It is appropriate that the first recording of the first version of Forza should come from St Petersburg, where the work had its premiere in 1862. However, whilst the premiere was predominantly an Italian affair, this set is given entirely by Russian artists. The differences between this version and Verdi's 1869 revision for La Scala are marked: they are delineated by two essays in the accompanying booklet but even more discerningly in Julian Budden's indispensable The Operas of Verdi (in this case Vol. 2, Cassell: 1978). So it isn't necessary for me to rehearse here all the changes (even if I had the space to do so), only the main ones.
“…Tebaldi proved at the Maggio Musicale at Florence in 1953 under Mitropoulos that Leonora was to be among her most successful roles, and here she confirms the fact in spades with her lustrous, effortlessly shaped and eloquent traversal of the role. By her side she has the incomparable Corelli, singing his first Don Alvaro, and revealing that his brilliant, exciting yet plangent tone is precisely the right instrument to project Alvaro's loves and sorrows. At this stage of his career his thrilling upper register and incisive delivery of the text were at their most potent, as he makes abundantly clear in aria and duet. As his antagonist, Bastianini sings with the kind of Verdian élan seemingly now extinct among his breed. He may not be the most subtle of Verdian baritones, but here his macho approach ideally suits Don Carlo's vengeful imprecations.” (Gramophone Classical Music Guide)
“This marks the final offering from Opera Rara's laudable restoration of BBC broadcasts from the 1970s and '80s of Verdi's first thoughts on specific operas, and it is quite up to the standard of the series. It differs only in being given without an audience, and was broadcast two years after the recording. On disc we know the 1862 original Forza from Gergiev's Philips set recorded, appropriately enough, in St Petersburg. That version is by and large finely cast with Russian singers and excitingly conducted, but this one, featuring British artists and one North American, need hardly fear the comparison. John Matheson may be a slightly more measured interpreter than Gergiev but he is perhaps even more adept at disclosing the many subtleties in shaping the slightly sprawling score as a unified whole. His orchestra provides fine playing – special praise for the first clarinet before Alvaro's Act 3 solo – and the BBC Singers nicely characterise their roles.
Martin Kušej’s thrilling contemporary interpretation of Verdi’s late period opera proved the perfect vehicle for the Bavarian State Opera’s dream team of Jonas Kaufmann and Anja Harteros. The imposing sets’ references to terrorism and the implosion of modern civilization bring the opera’s inherent drama to a breathtaking pinnacle. Specialist promo & marketing activity.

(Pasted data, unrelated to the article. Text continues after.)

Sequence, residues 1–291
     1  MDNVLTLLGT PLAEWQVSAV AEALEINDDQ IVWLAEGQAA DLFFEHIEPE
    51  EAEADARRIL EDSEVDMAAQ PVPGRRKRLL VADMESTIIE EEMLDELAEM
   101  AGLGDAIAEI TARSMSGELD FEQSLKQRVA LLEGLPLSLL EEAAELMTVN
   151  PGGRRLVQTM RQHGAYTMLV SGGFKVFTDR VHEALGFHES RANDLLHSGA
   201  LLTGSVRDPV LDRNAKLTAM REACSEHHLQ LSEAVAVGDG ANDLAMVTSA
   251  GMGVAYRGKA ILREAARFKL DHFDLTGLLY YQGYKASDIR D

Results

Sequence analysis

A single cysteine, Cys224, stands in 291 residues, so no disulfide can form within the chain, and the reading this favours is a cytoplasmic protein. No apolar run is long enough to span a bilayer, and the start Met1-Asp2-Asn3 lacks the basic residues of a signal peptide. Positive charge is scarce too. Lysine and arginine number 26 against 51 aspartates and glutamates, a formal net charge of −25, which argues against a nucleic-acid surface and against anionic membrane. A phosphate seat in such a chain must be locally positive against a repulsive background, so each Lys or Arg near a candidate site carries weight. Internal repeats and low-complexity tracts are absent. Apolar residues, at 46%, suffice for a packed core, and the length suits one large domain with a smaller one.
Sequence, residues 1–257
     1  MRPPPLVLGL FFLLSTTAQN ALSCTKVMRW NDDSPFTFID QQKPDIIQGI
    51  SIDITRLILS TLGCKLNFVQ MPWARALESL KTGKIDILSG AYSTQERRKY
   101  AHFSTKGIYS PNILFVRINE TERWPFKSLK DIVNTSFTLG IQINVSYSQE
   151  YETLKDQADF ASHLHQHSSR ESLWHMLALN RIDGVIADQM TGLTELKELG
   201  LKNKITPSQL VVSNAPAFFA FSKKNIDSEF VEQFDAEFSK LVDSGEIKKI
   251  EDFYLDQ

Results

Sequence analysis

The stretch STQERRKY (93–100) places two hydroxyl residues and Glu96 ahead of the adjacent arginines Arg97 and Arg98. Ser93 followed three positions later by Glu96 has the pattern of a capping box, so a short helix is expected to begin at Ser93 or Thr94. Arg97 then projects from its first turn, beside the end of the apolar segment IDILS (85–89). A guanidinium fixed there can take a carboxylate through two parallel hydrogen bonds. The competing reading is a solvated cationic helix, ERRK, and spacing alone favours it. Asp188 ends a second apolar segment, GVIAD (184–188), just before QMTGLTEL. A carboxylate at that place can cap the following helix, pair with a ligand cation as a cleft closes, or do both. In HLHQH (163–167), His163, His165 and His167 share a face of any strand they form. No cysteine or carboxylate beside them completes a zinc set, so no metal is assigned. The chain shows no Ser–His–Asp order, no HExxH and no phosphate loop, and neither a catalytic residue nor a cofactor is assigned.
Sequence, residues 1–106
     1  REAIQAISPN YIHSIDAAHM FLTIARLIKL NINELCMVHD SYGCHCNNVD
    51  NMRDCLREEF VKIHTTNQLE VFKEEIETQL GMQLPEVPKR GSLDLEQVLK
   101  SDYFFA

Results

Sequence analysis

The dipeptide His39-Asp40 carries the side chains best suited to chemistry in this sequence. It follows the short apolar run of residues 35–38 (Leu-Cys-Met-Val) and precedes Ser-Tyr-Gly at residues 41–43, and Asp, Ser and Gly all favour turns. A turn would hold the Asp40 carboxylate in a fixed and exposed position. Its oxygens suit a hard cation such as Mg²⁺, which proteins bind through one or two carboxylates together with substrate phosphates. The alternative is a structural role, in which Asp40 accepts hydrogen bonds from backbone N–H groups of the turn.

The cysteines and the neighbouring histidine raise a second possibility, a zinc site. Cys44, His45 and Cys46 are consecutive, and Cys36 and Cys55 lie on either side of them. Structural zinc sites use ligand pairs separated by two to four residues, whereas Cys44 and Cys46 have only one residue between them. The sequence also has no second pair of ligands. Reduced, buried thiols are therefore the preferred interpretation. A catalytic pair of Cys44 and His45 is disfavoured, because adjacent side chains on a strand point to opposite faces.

In his 2007 production for the Maggio Musicale in Florence, French opera director Nicolas Joël – named as the next director of the Opéra de Paris from 2009 – presented his reading of Giuseppe Verdi’s La forza del destino (The Force of Destiny). An adventure story and a tale of grim pursuit and unrelenting misfortune, of faith, renunciation and - fi nally - death and forgiveness, Verdi’s La forza del destino is, like an operatic road movie, also a portrait gallery of the different places and curious people the main players meet along their way.
La forza del destino (The Force of Fate), premiered in St. Petersburg 1862, is one of Verdi’s most important opera compositions. Its plot is complicated and combines a sequence of interlaced unfortunate strokes of fate. Donna Leonora is the centre of events, together with her brother Don Carlo di Vargas and her lover Don Alvaro. The story was originally set in 18th century Spain, however the French director Nicolas Joël established the action in a slightly later period, in the time of the Empire, the early 19th century.
This is a tremendously enjoyable production of an opera that can be difficult to bring off. La forza del destino is so epic that it runs the risk of sprawling, and if the performers and the stage director don’t exercise self-discipline, the opera quickly loses its focus. I don’t think anyone will argue that this is the best-sung performance that he or she ever heard—in spite of its difficulties, there are many good audio-only recordings of this opera—but this is one of those times when the whole is greater than the sum of its parts. The last time I reviewed a DVD of this opera in these pages, it was a version dating from 1983 from the Metropolitan Opera, with Leontyne Price, Giuseppe Giacomini, and Leo Nucci in the lead roles… Raymond Tuttle